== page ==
Marketing With Class

People pay for quality. They’ll pay more for your products and services if you can build extra perceived value. I say “perceived” because you really don’t have to make a lot of big changes to become a high-end company.

Think of how much more you’ll pay for the same food in a restaurant that uses cloth napkins instead of paper. Or a hotel room with internet access and a tray of gourmet chocolates on the dresser.

“Quality” can have many meanings. Consider the differences between Mazda, Toyota, and Ferrari. You can choose how to position your company. Small changes in the way you do business can allow big increases in your perceived quality—and your income.

For example, I know a real estate agent who gives her clients helpful books on managing their personal finances. A dentist in Santa Monica promises business people that they’ll never have to wait. I get higher fees by offering lots of free advice and suggestions, both before and after I write the copy.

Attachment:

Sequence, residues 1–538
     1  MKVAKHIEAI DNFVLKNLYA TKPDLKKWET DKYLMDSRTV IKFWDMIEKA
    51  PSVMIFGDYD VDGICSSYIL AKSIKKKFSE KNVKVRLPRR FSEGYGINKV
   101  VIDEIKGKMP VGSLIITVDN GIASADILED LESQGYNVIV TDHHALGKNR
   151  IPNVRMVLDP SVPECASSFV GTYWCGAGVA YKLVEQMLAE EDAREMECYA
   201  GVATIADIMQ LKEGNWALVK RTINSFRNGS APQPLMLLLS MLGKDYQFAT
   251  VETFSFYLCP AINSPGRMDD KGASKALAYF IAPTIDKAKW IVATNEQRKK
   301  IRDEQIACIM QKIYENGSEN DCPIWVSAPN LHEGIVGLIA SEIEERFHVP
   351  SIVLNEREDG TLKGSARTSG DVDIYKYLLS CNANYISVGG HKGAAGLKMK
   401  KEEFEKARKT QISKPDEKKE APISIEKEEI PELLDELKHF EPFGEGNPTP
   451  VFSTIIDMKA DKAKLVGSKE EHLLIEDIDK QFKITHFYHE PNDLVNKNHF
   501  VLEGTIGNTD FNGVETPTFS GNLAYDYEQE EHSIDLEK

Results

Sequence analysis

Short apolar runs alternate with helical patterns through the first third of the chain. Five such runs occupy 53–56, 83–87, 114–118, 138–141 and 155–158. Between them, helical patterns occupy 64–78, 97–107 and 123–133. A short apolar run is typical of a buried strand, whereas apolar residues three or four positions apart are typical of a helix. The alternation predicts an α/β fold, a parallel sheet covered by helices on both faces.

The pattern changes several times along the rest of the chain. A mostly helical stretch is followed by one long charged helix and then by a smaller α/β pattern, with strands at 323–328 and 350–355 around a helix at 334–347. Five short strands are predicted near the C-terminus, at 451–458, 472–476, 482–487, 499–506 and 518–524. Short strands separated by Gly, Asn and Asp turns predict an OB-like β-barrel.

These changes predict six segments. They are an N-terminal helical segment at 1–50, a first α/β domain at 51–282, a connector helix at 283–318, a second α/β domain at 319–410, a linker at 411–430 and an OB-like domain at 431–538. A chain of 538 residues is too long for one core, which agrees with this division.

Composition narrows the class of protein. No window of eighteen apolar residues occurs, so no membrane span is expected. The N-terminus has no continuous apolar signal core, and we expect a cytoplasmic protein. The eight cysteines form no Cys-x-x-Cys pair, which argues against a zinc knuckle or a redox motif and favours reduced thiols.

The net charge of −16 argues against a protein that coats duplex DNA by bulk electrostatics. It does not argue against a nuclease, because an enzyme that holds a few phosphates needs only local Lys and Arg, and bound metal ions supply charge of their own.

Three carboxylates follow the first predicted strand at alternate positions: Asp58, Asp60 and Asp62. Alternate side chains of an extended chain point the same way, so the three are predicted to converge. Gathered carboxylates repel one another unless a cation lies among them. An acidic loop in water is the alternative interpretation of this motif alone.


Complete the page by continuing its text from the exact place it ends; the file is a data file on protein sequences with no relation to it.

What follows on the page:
The change you make doesn’t have to involve your core business. Think of the baby grand piano in Nordstroms. Nobody goes to Nordstroms to listen or play the piano, but it add a touch of class.

As a result they sell their shirts for twice as much as the Gap across the street.

You can pick almost anything good you want your business to stand for, and find easy ways to promote it.

A few common examples:
• Honesty and reliability
• A product that lasts a long time
• Helpfulness and guidance
• Speed and/or convenience
• Luxury

Keep up the outstanding work you already do, add something to create a perception of quality, and you’ll jump over your competitors, even if they’ve been in business twice as long as you.


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